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Environ Int. 2018 Sep;118:211-221. doi: 10.1016/j.envint.2018.04.043. Epub 2018 Jun 8.

Maternal ambient heat exposure during early pregnancy in summer and spring and congenital heart defects - A large US population-based, case-control study.

Author information

1
Department of Environmental Health Sciences, University at Albany, Rensselaer, NY, United States; Department of Epidemiology and Biostatistics, University at Albany, Rensselaer, NY, United States. Electronic address: slin@albany.edu.
2
Department of Mathematics, University at Albany, Albany, NY, United States.
3
Department of Epidemiology, Guangdong Cardiovascular Institute, Guangdong Provincial Key Laboratory of South China Structural Heart Disease, Guangdong General Hospital, Guangdong Academy of Medical Sciences, Guangzhou, China.
4
Department of Epidemiology and Biostatistics, University at Albany, Rensselaer, NY, United States; New York State Department of Health, Albany, NY, United States.
5
Department of Epidemiology and Biostatistics, University at Albany, Rensselaer, NY, United States.
6
Department of Environmental Health Sciences, University at Albany, Rensselaer, NY, United States.
7
Department of Geography, Kent State University, Kent, OH, United States.
8
Office of Research and Development, U.S. Environmental Protection Agency, RTP, NC, United States.
9
Department of Environmental Health Sciences, University at Albany, Rensselaer, NY, United States; Department of Epidemiology and Biostatistics, University at Albany, Rensselaer, NY, United States.
10
Stanford School of Medicine, Stanford, CA, United States.
11
National Center on Birth Defects and Developmental Disabilities, Centers for Disease Control and Prevention, Atlanta, GA, United States.
12
Texas Department of State Health Services, Austin, TX, United States.
13
Department of Epidemiology, The University of Iowa, Iowa City, IA, United States.
14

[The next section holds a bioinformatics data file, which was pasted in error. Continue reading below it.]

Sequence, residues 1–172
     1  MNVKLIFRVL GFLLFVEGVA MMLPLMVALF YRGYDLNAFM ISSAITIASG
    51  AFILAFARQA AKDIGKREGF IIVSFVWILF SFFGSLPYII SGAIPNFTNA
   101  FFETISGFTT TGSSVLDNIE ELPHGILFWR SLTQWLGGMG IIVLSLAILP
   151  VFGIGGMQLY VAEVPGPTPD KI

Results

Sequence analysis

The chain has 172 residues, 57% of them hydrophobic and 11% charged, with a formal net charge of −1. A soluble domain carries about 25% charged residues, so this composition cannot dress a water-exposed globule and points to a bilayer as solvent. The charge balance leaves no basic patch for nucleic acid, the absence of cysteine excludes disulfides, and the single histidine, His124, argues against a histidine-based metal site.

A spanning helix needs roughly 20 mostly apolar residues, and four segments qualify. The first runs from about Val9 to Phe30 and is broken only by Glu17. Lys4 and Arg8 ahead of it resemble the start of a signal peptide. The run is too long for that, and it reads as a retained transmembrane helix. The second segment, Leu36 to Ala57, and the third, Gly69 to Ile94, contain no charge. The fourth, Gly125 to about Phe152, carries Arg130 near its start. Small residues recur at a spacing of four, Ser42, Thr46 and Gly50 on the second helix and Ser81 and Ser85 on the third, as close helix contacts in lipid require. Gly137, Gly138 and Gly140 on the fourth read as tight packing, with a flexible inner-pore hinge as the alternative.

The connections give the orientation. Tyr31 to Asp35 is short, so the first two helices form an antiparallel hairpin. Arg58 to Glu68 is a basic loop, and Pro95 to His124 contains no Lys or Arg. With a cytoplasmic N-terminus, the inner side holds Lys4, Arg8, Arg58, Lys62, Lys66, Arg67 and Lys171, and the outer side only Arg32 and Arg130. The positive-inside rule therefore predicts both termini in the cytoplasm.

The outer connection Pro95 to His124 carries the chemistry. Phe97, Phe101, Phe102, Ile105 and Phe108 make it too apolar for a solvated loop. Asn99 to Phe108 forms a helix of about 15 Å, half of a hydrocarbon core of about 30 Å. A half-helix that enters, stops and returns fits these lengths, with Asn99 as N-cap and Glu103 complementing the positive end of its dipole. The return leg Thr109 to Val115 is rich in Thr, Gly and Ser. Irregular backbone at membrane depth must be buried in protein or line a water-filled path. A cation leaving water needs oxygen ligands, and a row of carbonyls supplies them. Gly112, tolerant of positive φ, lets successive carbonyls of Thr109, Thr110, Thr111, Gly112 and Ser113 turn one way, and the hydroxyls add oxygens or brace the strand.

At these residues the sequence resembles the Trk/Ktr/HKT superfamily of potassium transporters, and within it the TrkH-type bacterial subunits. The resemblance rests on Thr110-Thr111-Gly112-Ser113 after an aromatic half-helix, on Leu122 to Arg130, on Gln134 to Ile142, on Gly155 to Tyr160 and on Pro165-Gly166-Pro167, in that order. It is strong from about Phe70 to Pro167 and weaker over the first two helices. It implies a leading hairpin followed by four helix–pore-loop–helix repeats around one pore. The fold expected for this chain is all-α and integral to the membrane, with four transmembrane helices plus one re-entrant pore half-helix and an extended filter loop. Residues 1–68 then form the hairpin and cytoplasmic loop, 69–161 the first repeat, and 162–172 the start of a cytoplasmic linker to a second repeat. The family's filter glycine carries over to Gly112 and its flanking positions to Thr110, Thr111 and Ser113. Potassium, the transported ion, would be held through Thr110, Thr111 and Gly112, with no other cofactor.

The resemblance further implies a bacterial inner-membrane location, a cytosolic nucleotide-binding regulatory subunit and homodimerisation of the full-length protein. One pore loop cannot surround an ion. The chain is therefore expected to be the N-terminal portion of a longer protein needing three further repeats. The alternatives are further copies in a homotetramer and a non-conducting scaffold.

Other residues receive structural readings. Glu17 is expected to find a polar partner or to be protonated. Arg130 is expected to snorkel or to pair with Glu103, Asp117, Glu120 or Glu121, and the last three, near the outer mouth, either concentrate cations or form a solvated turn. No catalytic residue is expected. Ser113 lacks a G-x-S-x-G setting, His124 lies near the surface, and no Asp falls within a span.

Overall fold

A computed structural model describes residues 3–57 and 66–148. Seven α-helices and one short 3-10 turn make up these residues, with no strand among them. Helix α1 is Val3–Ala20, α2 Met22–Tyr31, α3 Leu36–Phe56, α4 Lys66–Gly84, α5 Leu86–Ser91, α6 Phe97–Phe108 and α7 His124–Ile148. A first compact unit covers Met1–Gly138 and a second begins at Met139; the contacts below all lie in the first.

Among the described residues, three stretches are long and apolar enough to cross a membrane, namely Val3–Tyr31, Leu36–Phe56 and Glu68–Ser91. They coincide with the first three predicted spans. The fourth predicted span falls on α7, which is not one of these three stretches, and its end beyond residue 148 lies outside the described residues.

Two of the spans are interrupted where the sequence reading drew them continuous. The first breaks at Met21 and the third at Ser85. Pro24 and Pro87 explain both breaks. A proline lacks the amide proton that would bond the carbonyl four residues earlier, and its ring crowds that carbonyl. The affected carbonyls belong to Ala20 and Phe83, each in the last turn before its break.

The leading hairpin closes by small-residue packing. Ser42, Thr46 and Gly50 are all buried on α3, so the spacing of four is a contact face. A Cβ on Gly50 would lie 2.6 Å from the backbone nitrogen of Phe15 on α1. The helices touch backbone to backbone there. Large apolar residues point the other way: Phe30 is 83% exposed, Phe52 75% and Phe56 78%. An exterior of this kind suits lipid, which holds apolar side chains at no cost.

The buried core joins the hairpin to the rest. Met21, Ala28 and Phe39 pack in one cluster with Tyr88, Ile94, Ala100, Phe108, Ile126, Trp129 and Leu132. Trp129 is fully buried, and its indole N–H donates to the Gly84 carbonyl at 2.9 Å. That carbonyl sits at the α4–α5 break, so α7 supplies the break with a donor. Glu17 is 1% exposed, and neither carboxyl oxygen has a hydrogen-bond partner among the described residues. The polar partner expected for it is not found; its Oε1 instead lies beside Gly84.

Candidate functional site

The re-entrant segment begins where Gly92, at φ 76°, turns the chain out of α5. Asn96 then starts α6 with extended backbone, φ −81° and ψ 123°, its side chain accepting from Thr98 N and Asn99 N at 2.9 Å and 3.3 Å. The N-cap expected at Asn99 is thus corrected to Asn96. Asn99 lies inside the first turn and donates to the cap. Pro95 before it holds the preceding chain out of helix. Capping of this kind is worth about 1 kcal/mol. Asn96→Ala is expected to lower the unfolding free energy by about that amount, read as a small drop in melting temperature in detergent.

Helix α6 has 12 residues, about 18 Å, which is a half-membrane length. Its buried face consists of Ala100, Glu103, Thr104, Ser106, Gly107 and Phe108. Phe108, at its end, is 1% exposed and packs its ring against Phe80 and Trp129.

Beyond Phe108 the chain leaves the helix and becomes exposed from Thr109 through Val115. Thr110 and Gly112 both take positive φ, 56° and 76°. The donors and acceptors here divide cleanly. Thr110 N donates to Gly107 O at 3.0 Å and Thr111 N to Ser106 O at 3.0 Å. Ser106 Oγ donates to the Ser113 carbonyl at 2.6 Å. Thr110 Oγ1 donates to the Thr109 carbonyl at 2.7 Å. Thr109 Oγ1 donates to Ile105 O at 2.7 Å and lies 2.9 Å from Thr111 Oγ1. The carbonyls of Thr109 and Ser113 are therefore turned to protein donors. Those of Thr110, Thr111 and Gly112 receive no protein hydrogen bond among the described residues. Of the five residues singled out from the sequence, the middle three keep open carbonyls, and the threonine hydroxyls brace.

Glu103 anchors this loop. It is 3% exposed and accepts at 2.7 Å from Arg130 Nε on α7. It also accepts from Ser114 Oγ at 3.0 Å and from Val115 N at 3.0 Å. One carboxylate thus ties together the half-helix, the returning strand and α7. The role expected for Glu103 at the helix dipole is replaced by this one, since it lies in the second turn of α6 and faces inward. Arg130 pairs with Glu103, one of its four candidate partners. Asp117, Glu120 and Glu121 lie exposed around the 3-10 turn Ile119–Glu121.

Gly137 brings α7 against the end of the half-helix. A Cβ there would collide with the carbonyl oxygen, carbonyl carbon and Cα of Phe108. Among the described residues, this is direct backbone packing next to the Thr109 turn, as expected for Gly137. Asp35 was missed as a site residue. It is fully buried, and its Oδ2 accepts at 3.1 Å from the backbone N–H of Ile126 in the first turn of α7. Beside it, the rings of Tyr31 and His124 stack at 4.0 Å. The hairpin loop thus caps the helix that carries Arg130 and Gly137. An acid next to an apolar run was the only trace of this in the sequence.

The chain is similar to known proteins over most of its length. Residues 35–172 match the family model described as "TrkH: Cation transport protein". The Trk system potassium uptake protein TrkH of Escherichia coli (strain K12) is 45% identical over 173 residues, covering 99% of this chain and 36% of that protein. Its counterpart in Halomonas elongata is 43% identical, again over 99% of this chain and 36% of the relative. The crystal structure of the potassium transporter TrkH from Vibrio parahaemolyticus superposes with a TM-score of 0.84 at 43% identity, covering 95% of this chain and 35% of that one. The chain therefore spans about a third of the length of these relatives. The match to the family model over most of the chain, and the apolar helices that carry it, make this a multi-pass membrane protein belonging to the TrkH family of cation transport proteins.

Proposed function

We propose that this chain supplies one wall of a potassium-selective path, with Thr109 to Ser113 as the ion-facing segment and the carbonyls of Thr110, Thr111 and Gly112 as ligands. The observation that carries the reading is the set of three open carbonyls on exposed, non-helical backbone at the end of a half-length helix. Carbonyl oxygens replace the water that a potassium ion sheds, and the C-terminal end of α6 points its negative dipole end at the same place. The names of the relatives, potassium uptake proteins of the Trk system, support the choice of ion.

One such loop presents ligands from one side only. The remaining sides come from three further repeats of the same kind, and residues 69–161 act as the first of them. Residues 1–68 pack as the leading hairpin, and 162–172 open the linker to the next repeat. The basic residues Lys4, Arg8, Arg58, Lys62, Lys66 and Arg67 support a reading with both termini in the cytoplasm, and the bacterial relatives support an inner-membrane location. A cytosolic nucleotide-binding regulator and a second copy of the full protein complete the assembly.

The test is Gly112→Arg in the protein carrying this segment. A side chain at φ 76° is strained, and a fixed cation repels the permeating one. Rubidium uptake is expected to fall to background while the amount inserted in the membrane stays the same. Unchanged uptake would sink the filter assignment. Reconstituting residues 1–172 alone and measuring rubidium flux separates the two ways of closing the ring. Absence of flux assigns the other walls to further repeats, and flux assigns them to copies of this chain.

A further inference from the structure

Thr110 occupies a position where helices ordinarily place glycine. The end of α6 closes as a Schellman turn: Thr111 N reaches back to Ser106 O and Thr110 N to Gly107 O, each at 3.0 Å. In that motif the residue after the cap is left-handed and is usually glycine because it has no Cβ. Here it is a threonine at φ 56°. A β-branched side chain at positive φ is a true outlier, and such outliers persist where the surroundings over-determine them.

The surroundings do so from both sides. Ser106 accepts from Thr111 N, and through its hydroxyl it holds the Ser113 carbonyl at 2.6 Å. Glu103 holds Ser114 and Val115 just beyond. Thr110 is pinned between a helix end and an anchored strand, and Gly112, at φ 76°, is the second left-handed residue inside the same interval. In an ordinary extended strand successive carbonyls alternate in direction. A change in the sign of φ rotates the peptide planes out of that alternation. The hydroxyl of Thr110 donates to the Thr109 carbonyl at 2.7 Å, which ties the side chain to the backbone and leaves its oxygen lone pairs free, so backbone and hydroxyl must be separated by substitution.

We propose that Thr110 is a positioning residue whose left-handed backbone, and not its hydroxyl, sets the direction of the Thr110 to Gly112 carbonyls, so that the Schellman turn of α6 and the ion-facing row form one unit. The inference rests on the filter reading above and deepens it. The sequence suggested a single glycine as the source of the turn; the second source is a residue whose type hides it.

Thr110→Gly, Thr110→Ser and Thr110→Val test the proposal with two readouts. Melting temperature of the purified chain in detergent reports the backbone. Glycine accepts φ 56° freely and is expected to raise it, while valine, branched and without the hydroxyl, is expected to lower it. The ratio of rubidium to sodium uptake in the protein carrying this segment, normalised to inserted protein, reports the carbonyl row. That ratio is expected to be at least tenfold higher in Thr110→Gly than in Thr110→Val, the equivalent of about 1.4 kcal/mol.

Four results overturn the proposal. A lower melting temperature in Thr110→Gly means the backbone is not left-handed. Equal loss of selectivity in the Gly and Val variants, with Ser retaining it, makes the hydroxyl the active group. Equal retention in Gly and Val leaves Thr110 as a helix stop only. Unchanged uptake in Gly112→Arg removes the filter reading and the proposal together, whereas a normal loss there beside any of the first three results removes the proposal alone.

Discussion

University of Utah School of Medicine, Salt Lake City, UT, United States.
15
University of Arkansas for Medical Sciences, Little Rock, AR, United States.
16
New York State Department of Health, Albany, NY, United States.

Abstract

BACKGROUND/OBJECTIVE:

Few studies have assessed the effect of ambient heat during the fetal development period on congenital heart defects (CHDs), especially in transitional seasons. We examined and compared the associations between extreme heat and CHD phenotypes in summer and spring, assessed their geographical differences, and compared different heat indicators.

METHODS:

We identified 5848 CHD cases and 5742 controls (without major structural defects) from the National Birth Defects Prevention Study, a US multicenter, population-based case-control study. Extreme heat events (EHEs) were defined by using the 95th (EHE95) or 90th (EHE90) percentile of daily maximum temperature and its frequency and duration during postconceptional weeks 3-8. We used a two-stage Bayesian hierarchical model to examine both regional and study-wide associations. Exposure odds ratios (ORs) were calculated using multivariate logistic regression analyses, while controlling for potential confounding factors.

RESULTS:

Overall, we observed no significant relationships between maternal EHE exposure and CHDs in most regions during summer. However, we found that 3-11 days of EHE90 during summer and spring was significantly associated with ventricular septal defects (VSDs) study-wide (ORs ranged: 2.17-3.24). EHE95 in spring was significantly associated with conotruncal defects and VSDs in the South (ORs: 1.23-1.78). Most EHE indicators in spring were significantly associated with increased septal defects (both VSDs and atrial septal defects (ASDs)) in the Northeast.

CONCLUSION:

While generally null results were found, long duration of unseasonable heat was associated with the increased risks for VSDs and ASDs, mainly in South and Northeast of the US. Further research to confirm our findings is needed.

KEYWORDS:

Cardiovascular defects; Extreme heat indicators; Heat waves; Maternal environmental exposure; Pregnancy; Seasonal effects

PMID:
29886237
PMCID:
PMC6045445
[Available on 2019-09-01]
DOI:
10.1016/j.envint.2018.04.043

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